Login

Nature's Notebook

Bird of a feather

One day during our recent continuous snowstorm I raked the roof on the north side of the house, hoping to avoid an ice buildup. I refilled the bird feeder. And I walked down the south side of the house chinking off icicles.
I heard a muffled whump behind my back. When I turned, I saw a blur of wings near the apple tree. A large bird took off and landed on a branch on the ash tree at the front of the house. A hawk.
My whack at the icicles had made a loud crinkle and apparently startled the hawk’s snatch-and-grab plans.

Full text available to premium subscribers only. Log in or Create an account.

Once you've created an account, you will be given a free 30-day subscription to the site where you can view all content unrestricted. After 30 days, you can extend your account by purchasing a subscription.

If you are already a print subscriber, click here to give us your contact information, and we will confirm your active subscription and give you a password to access the website.

That’s using your head

Wildlife has a way of sabotaging human activity in creative ways. This happened in 1888. The Housatonic Railroad locomotive steamed north daily from Kent through Cornwall Bridge but had to stop at the otherwise insignificant station in West Cornwall to replenish water in its boiler.
On July 8, there was no water in the station’s tank. The stationmaster wired Superintendent W.K. Lyon. Lyon was concerned trains wouldn’t be able to keep to schedule as they continued on to Stockbridge, Lenox and the resorts in the Berkshires.

Full text available to premium subscribers only. Log in or Create an account.

Once you've created an account, you will be given a free 30-day subscription to the site where you can view all content unrestricted. After 30 days, you can extend your account by purchasing a subscription.

If you are already a print subscriber, click here to give us your contact information, and we will confirm your active subscription and give you a password to access the website.

Faith and light

There is something about the quality of sunlight in midwinter that always stirs my spirit. Just the appearance of our pale sun is reason enough to celebrate at this time of year, breaking the monotony of successive, overcast days. Even with the visual contrast offered by a fresh snowfall, the landscape almost cries out for light and shadow, and that low angled sun seems to animate whatever it touches. Clouds are newly tipped with silver, and straw becomes sheaves of gold.

Full text available to premium subscribers only. Log in or Create an account.

Once you've created an account, you will be given a free 30-day subscription to the site where you can view all content unrestricted. After 30 days, you can extend your account by purchasing a subscription.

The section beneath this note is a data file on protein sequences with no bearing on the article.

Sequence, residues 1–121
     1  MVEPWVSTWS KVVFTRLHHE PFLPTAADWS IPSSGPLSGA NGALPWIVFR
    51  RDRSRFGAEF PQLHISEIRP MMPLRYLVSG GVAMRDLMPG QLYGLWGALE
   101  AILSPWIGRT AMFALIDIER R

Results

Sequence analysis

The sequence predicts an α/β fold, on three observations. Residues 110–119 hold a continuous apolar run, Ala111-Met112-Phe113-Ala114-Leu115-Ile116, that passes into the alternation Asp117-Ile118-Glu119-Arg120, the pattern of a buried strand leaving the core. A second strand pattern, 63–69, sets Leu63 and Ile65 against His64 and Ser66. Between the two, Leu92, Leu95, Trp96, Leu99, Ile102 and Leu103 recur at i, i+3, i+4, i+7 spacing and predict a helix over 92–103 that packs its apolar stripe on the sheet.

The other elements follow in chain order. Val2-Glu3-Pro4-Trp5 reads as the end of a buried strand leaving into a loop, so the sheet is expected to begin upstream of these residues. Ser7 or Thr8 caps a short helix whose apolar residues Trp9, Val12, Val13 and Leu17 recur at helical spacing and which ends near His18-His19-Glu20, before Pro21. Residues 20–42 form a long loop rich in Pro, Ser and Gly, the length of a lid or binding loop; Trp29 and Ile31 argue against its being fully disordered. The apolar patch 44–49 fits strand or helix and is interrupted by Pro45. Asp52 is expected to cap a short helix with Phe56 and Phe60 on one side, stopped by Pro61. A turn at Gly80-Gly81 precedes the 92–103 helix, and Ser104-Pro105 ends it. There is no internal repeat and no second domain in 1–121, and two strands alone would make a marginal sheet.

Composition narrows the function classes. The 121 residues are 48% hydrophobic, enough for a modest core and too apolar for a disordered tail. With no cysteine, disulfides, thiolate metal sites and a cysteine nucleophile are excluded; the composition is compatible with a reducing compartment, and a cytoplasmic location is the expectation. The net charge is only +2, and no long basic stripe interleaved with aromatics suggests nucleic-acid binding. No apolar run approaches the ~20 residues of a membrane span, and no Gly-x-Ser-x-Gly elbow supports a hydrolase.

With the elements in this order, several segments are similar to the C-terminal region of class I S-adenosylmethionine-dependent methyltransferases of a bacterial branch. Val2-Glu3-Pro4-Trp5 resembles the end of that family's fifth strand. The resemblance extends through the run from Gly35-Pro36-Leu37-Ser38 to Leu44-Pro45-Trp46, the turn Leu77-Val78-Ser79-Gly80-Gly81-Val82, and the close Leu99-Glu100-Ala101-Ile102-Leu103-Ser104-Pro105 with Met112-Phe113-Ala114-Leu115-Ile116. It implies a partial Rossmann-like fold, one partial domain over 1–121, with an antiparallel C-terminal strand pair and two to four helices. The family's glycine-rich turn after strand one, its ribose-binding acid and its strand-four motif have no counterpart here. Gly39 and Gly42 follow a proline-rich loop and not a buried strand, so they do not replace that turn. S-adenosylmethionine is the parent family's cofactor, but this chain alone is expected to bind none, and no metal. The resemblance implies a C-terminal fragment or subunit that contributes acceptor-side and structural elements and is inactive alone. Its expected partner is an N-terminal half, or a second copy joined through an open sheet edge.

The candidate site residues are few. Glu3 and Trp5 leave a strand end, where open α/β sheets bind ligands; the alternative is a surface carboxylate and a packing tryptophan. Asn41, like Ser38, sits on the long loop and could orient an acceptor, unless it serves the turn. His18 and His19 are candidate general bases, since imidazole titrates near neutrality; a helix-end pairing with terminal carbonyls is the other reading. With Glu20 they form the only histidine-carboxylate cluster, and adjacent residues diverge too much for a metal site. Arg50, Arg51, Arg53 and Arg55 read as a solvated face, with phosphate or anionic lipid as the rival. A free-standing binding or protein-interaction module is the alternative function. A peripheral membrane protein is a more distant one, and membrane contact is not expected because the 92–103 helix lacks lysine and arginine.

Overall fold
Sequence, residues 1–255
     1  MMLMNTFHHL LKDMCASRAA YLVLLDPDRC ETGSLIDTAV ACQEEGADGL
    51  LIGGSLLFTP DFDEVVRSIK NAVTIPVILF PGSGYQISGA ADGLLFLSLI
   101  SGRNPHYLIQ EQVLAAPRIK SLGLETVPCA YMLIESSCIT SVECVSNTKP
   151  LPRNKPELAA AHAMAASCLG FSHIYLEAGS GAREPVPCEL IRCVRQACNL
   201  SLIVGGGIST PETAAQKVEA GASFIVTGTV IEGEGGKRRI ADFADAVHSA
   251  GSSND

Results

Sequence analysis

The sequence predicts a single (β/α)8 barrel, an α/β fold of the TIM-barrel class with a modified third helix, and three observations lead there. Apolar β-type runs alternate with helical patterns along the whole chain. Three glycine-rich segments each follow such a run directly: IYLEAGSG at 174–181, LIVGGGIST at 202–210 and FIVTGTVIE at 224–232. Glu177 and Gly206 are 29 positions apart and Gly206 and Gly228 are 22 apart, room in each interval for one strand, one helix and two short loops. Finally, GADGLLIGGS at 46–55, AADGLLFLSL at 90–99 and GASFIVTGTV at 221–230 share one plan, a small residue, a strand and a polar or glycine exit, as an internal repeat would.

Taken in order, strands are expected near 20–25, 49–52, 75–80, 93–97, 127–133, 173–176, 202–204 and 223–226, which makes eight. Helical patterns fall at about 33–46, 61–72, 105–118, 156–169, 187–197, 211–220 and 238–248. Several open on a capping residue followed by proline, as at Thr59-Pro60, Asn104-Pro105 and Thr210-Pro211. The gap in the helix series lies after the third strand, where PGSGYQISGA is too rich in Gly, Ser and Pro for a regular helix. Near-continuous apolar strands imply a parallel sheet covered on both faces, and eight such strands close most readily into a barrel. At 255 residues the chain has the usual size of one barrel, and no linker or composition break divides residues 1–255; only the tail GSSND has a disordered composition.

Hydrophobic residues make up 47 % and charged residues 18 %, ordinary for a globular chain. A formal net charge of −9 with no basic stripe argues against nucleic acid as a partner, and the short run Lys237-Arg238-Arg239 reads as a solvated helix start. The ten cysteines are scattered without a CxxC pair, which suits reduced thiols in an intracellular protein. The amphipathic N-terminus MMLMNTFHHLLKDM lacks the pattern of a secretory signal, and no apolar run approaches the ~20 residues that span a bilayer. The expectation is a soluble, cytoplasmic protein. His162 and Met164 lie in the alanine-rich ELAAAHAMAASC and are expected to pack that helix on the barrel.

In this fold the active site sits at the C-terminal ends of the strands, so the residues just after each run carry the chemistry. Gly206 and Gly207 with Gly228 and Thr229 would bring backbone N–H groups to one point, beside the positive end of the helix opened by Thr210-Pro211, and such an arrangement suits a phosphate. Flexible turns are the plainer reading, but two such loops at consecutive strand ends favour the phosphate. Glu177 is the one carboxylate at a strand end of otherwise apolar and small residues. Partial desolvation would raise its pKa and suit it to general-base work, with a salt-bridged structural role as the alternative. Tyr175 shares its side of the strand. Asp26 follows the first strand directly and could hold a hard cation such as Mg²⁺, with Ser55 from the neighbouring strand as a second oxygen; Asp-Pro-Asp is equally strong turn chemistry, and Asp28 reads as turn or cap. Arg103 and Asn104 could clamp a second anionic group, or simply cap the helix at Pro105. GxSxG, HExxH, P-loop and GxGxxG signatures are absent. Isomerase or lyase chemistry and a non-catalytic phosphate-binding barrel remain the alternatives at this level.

If you are already a print subscriber, click here to give us your contact information, and we will confirm your active subscription and give you a password to access the website.

Shear fun at Shaker Village

I took the family on an outing to Hancock Shaker Village last weekend. It was a glorious spring day and apparently there were many families with children who had the same idea, because it proved a popular destination.
The big draw was a barn full of baby animals — heirloom breeds in all shapes and sizes — and a sheep-shearing demonstration using both modern and traditional methods. It was quite a transformation to see a shaggy merino ram denuded of its heavy coat from tail to topknot in about 20 minutes of expert shearing.

Full text available to premium subscribers only. Log in or Create an account.

Once you've created an account, you will be given a free 30-day subscription to the site where you can view all content unrestricted. After 30 days, you can extend your account by purchasing a subscription.

If you are already a print subscriber, click here to give us your contact information, and we will confirm your active subscription and give you a password to access the website.

Nature in snow

There is something magical about being in the woods right after a snow. The sounds emanating from silence seem amplified, even more than usual. The trees laced in white tower overhead and release sprinkles of snow with no warning. One is aware of the crunchiness of every step, the labored walking and steamy breath. A red squirrel watches and warns of intruders. A pair of crows make their voices heard as they move through the trees.

Full text available to premium subscribers only. Log in or Create an account.

Once you've created an account, you will be given a free 30-day subscription to the site where you can view all content unrestricted. After 30 days, you can extend your account by purchasing a subscription.